Research sites (sites that you can use to learn more about the significance of the findings on your variance report):

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    • SL

      this is awesome, thank you!

  • Sandy Davis

    ASEA revs up your body’s production of GLUTATHIONE by 500%

    • Liisa Lugus

      … and can make you very ill if methylation is not supported first.

    • OzMoses


  • Sarah Philley

    This is the type of “rubber meets the road”info that I truly appreciate.Thank you,Joanne.

  • Some people under-methylate and some people over-methylate. You have to look at all the other detox SNPs, Not just MTHFR. (MOA/COMT etc.) Distinction makes a HUGE difference!

    • Gina Gravel

      Hi Helen, so does the 23 and me give these results or am I better of with other test, I am on tight budget..

  • Nonna Eges

    I had my “personal nutri-genetic analysis” done in 2005 by Genalex, Seattle. Results show one MTHFR gene as slow. (24 genes tested, 10 variations to varing degrees). Of a 30 min. phone discussion – I only retained 10%. And the written suggestions were not completely credible as they seemed too steeped in mainstream. My question: 15 years later would this report still hold valuable and worthwile information to have reassessed without doing gene testing again?. I am 67.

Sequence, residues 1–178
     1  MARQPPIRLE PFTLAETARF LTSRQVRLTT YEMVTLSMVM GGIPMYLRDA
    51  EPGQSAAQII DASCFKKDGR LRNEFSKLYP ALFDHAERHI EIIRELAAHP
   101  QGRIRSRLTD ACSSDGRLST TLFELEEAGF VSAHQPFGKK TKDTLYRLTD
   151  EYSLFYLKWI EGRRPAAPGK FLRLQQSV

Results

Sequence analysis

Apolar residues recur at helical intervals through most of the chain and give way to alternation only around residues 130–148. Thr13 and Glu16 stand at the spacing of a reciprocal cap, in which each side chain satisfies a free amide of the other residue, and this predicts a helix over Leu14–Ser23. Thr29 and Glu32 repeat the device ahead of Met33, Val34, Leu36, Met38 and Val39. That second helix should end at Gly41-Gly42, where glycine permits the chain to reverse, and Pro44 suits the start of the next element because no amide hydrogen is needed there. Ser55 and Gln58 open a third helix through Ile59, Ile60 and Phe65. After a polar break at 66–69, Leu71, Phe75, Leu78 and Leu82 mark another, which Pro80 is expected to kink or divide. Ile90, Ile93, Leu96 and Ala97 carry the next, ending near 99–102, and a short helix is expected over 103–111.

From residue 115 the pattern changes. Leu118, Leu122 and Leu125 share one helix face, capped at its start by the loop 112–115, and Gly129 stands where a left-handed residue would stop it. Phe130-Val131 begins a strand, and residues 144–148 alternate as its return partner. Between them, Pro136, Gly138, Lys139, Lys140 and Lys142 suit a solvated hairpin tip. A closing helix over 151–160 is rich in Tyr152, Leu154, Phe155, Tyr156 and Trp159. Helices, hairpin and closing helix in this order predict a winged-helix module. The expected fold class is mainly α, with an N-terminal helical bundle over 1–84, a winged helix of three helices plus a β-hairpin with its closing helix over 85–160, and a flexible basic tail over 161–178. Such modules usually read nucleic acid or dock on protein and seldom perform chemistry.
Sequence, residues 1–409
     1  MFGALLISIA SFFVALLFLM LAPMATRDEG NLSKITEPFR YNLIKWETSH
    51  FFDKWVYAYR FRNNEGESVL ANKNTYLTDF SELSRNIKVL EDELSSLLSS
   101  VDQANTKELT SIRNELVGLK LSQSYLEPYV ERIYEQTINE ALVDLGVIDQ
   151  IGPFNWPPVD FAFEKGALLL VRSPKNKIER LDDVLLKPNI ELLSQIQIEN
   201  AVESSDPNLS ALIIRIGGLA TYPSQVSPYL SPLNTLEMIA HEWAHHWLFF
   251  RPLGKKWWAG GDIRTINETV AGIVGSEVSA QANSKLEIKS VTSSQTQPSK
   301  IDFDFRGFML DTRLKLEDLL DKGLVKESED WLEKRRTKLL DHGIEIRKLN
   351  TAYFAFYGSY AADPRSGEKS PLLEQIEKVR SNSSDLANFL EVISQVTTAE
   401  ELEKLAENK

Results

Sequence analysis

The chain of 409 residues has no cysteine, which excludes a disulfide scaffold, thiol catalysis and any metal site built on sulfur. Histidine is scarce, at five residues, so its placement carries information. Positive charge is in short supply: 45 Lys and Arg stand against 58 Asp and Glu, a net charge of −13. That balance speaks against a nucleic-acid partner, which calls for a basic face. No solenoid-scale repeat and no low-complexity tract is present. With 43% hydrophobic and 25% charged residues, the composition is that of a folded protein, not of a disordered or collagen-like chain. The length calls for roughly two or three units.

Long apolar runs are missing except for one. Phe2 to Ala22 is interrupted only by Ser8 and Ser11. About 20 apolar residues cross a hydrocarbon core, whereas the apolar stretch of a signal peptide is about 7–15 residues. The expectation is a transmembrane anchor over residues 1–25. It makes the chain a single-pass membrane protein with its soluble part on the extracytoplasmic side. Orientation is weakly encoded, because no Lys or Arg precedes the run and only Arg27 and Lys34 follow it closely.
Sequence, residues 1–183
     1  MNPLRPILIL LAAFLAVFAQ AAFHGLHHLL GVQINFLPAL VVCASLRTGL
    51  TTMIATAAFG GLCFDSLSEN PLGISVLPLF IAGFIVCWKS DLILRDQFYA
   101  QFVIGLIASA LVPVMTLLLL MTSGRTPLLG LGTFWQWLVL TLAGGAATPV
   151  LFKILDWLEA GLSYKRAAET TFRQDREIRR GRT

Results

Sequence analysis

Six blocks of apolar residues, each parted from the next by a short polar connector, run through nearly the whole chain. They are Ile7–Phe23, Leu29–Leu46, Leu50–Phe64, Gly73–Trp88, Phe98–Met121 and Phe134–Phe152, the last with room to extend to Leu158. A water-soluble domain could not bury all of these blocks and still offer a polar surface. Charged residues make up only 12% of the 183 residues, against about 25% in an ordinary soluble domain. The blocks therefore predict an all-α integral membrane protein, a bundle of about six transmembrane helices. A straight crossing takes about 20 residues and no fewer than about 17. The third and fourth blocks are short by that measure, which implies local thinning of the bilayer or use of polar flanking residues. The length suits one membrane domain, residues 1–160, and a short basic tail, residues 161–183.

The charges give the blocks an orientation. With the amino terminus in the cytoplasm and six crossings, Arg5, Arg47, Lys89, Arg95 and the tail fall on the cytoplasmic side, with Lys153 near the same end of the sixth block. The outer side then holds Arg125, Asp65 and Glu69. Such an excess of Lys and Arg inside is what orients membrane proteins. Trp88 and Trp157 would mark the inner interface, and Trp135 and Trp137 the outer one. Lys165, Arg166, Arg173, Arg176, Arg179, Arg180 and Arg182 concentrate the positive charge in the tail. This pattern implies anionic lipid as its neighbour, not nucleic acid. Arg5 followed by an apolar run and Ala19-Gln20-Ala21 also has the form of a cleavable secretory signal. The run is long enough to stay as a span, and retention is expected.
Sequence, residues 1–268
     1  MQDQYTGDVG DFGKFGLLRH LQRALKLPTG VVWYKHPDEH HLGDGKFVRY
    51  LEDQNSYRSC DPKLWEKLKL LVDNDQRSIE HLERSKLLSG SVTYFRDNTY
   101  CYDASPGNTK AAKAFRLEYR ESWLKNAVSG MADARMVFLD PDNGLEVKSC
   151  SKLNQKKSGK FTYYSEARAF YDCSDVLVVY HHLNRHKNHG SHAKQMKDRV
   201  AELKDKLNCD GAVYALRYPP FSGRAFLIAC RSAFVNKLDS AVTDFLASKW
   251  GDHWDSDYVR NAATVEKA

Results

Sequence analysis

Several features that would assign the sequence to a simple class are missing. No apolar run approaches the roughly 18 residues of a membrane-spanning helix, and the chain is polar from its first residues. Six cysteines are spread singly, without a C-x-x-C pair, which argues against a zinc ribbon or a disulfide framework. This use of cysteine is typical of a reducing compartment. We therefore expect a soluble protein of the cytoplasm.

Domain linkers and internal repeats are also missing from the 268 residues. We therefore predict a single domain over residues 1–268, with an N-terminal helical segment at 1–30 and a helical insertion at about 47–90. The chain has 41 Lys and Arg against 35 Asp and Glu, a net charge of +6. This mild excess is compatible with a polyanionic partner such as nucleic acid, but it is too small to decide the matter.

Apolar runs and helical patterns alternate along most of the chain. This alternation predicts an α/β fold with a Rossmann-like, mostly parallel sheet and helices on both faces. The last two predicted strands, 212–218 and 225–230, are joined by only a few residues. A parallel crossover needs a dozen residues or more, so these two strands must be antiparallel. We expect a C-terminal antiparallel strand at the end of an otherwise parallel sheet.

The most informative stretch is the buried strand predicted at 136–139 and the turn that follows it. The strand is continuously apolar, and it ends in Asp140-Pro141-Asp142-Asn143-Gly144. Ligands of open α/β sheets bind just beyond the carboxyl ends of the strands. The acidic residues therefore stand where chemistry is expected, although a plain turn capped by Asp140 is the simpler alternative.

• Susanne Bennett

      Yes, 15 years later, you can still use the same genetic variant information…genes never change, only the expression. There’s so much new science in this area though, on how to circumvent the defects with Nutrigenomics and Epigenetic strategies. Totally worth it to dig deeper! Dr. Susanne

  • OzMoses

    Good information, although the second sentence is false. The MTHFR mutation has been around forever. Our awareness of it is new.

  • csp375

    In #8 you say, “if you are double homozygous.” Is that even possible? I know that it’s theoretically possible, but I’ve never heard anyone who is homozygous for both 677 and 1298. Did you mean compound heterozygous?